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Wakefield's Road To 200 Wins Full of Detours, Homers

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Yet again, for the fourth start in a row, Tim Wakefield failed to pick up win number 200 in his career. He has picked up six wins on the season, but, considering the offensive support that the Red Sox are capable of, it's disappointing he hasn't picked up more decisions, especially on the W side of things.

Wakefield has long been known for being dependable and average, but that just hasn't been the case since 2010 started. In his last 253-1/3 innings with Boston (dating back to the start of last season), Wakefield has a 5.15 ERA -- 18 percent worse than the league average according to ERA+ -- has given up 9.5 hits per nine despite the Red Sox having a well above-average offense during that stretch, and has allowed 1.3 homers per nine thanks to 37 long balls. 

In his starts since this season, Wakefield has a 5.75 Run Average, 25 percent worse than the league average. He is giving up 9.1 hits per nine despite a .265 batting average on balls in play; while the Red Sox are converting nearly 72 percent of balls in play into outs, they haven't been able to catch the 18 balls that have gone over the fence.

Wakefield has given up a home run in every start he has made since July 18, when he gave up two to the Orioles (and then two to the Mariners, including a grand slam to Brendan Ryan, in his next start). He has given up at least one home run in all but four of his 17 starts. Out of his six wins, just one has come with fewer than six runs of support, and he has a 5.51 ERA in those contests. 

Wakefield's problem has been the middle innings, as he has a 6.08 ERA in the fourth through sixth frames -- 14 of his 18 homers have occurred from the fourth onward, and opponents are hitting .304/.360/.554 against him the third time they see him (127 batters out of 428 seen in starts). From pitch 76 through 100, Wakefield is allowing a .343/.408/.687 line to opponents. You may think, "Well sure, most pitchers struggle as they tire later in games." While true, Wakefield has struggled 91 percent more than your average pitcher, according to split OPS+. (Someone please post this on the wall in Terry Francona's office.)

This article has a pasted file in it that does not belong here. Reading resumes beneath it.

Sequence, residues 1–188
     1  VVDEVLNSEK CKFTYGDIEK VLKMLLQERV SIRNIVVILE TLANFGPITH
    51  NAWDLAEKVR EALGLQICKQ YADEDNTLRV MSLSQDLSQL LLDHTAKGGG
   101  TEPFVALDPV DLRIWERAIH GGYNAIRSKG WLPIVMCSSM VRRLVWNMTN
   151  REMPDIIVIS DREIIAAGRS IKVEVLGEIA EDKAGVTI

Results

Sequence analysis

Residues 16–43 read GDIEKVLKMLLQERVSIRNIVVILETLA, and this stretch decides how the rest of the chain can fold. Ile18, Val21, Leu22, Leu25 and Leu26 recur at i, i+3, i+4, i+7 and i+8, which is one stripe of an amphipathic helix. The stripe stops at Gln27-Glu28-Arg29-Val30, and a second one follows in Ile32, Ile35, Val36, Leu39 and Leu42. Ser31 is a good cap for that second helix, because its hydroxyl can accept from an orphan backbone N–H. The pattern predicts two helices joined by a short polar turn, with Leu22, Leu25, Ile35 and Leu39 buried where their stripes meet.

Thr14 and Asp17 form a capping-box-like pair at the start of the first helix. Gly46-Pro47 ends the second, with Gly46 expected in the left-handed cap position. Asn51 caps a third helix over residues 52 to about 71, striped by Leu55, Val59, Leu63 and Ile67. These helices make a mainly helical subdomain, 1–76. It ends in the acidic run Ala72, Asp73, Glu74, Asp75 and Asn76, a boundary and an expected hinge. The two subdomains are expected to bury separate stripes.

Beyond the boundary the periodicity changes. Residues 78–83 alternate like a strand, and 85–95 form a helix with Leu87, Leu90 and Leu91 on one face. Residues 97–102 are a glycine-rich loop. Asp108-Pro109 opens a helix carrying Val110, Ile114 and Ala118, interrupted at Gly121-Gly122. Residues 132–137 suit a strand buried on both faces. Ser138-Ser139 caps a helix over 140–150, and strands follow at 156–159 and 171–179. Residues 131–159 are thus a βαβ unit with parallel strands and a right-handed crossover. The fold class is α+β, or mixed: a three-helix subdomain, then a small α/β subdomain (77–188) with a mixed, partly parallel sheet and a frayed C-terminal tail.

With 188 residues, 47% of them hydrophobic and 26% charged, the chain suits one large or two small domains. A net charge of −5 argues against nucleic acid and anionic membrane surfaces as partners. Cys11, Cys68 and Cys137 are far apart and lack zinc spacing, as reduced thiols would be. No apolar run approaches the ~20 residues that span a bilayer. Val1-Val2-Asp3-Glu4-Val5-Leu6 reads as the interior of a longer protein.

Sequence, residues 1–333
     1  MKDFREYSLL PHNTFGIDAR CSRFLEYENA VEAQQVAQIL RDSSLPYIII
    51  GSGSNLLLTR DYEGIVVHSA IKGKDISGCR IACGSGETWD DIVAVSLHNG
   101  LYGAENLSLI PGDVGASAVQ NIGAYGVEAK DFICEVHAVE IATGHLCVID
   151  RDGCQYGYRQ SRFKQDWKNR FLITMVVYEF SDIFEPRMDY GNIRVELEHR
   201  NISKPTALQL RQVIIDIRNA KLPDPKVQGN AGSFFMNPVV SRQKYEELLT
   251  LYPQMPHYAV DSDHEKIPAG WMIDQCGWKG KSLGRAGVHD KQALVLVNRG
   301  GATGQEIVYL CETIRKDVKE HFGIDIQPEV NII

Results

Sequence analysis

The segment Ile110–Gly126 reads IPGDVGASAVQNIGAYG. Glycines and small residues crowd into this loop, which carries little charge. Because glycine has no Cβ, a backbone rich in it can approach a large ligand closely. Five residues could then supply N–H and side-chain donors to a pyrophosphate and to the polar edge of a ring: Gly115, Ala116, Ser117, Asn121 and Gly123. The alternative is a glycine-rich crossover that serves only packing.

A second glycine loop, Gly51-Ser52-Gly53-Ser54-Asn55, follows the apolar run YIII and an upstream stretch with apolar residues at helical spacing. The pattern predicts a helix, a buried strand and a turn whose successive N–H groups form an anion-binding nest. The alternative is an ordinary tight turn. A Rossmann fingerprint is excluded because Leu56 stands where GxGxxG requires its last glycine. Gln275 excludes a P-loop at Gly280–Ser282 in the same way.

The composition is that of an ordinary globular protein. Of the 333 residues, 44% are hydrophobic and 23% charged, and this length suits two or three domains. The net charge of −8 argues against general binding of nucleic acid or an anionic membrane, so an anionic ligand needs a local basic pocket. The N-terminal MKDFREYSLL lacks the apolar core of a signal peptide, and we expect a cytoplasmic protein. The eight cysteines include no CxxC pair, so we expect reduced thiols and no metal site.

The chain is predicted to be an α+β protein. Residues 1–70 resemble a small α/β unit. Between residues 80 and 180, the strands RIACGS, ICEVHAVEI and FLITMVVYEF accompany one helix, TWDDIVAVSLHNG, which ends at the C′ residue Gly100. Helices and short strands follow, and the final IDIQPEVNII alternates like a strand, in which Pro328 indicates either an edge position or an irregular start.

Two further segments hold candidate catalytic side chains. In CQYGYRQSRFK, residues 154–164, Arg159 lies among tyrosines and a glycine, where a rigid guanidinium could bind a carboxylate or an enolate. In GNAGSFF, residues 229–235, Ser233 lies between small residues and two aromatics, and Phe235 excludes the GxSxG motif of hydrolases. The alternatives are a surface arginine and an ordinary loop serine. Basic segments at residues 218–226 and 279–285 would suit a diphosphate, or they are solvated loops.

It's not surprising that this would be the case: he's in his age-44 season and already had his 45th birthday. He has nearly 3,200 innings on his arm in his career, and he just isn't able to go deep into games very often anymore. Yes, he threw a complete game last night against the Mariners, but let's remember that's one game, and the ridiculous line for pitches 76-100 for the season includes his work last night, when he tossed 94 pitches in a very efficient start.

Wakefield has never been the star that others he has played with have been, but he's always been someone special in Boston for what he has accomplished in his long career here. That's one reason it's been painful to watch him go for career win #200 and struggle so much in the process, but we're just going to have to accept that Wakefield, while occasionally capable of quality starts like that of last night's, just doesn't have it as consistently as he used to, especially the deeper into a game he has to go. His fifth attempt at #200 will come this weekend against the Royals, in Kansas City. While Tim Wakefield and the Red Sox need the win, it's safe to say that we all need it, too, if only to remember the Wakefield that pitched well enough to get to that point, rather than the one we have been watching the last two years.